In 2008, Congress passed the Duncan Hunter Act, which aimed to create an environment free of sexual assault and harassment at the United States Merchant Marine Academy (USMMA). This act required the Department of Transportation (DOT) to direct USMMA to prescribe a policy; conduct an annual assessment to determine the effectiveness of its policies, training, and procedures; develop action plans; and report to Congress on its progress. While the Department and USMMA have complied with the act’s requirements, the Academy has faced challenges in following through on plans and addressing issues concerning its culture.
Our 2016 review found that USMMA had not completed 15 (34 percent) of the 44 items on its 2014–2015 action plan. Furthermore, in June 2016, the Middle States Commission on Higher Education (MSCHE) issued an accreditation warning to USMMA, partly based on its ongoing challenges in combatting sexual assault and sexual harassment. Subsequently, DOT selected the Logistics Management Institute (LMI) to conduct a cultural assessment of USMMA. LMI concluded that, although the Academy had taken actions to address the problem, the underlying climate contributing to these issues remained. LMI made several recommendations, and in response, USMMA published a “Culture Change Action Plan,” listing over 50 actions to be completed in fiscal year 2017.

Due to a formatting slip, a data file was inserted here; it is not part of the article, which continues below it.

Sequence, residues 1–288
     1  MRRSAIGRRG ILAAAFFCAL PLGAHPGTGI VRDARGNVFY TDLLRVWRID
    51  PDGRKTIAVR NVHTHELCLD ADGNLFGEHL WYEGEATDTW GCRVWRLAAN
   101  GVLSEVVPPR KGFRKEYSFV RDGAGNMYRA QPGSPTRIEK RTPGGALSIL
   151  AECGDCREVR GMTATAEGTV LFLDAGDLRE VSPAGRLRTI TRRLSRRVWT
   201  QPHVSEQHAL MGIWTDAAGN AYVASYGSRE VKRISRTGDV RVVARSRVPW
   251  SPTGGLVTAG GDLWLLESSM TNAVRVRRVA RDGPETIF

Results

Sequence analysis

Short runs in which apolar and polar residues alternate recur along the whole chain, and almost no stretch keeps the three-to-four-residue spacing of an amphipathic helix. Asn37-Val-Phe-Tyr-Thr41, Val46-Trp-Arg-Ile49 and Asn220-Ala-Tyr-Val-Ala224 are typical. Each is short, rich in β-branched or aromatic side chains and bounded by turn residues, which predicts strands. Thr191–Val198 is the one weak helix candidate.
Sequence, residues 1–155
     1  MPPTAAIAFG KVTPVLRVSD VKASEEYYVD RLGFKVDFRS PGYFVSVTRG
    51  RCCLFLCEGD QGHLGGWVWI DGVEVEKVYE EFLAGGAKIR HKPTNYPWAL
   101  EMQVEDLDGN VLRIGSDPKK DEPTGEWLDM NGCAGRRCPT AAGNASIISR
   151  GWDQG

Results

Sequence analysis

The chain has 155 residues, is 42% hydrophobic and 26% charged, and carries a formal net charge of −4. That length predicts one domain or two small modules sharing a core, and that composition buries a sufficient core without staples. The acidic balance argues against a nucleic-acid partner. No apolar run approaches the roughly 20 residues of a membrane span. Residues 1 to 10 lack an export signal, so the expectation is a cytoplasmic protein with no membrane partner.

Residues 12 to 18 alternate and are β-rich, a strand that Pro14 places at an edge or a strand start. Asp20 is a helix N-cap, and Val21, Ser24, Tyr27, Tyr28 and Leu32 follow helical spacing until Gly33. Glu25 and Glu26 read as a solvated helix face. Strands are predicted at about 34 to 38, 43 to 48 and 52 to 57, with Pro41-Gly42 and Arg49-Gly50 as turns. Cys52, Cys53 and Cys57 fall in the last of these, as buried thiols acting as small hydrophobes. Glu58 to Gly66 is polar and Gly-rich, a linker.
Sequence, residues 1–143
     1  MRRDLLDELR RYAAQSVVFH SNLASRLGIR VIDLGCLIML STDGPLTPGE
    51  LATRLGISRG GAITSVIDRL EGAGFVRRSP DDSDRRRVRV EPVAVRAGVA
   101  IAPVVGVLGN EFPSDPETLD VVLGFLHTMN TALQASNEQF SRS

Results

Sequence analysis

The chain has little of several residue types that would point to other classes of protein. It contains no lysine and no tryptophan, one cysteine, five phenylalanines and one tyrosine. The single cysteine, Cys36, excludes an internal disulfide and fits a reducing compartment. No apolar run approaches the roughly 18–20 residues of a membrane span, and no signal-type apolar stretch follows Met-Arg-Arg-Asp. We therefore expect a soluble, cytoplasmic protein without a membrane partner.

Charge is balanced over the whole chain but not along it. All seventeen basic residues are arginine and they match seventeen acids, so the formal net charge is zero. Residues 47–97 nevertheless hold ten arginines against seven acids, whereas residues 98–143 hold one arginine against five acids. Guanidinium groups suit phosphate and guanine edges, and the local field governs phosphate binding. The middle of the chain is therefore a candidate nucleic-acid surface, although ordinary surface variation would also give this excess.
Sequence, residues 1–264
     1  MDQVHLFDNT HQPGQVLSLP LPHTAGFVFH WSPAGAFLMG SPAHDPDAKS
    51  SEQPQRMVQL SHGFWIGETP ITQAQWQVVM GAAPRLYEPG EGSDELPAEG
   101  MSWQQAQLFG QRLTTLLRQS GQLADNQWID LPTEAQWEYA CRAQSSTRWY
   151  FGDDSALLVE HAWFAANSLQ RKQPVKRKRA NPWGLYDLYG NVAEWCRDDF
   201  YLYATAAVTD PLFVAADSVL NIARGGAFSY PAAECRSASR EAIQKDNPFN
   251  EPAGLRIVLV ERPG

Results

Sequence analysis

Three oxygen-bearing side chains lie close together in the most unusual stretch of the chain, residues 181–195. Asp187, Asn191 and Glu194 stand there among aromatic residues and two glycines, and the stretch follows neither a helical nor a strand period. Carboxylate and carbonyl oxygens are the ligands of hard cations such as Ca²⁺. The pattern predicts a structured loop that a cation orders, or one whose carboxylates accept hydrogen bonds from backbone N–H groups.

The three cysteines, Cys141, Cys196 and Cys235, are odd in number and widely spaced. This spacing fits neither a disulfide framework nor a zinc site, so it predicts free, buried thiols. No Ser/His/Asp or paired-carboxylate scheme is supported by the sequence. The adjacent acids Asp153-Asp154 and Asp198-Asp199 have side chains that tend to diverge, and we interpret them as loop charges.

The National Defense Authorization Act for Fiscal Year 2017 mandated that we issue a report by March 31, 2018, describing the effectiveness of USMMA’s Sexual Assault Prevention and Response (SAPR) program. Specifically, our objectives will be to assess (1) the SAPR program’s policies and procedures; (2) the Department’s and USMMA’s progress and challenges in prioritizing and addressing recommendations from past studies and current action plans, including the 2017 “Culture Change Action Plan;” and (3) the Department’s and Academy’s responses to reports of sexual assault or harassment involving members of the Academy.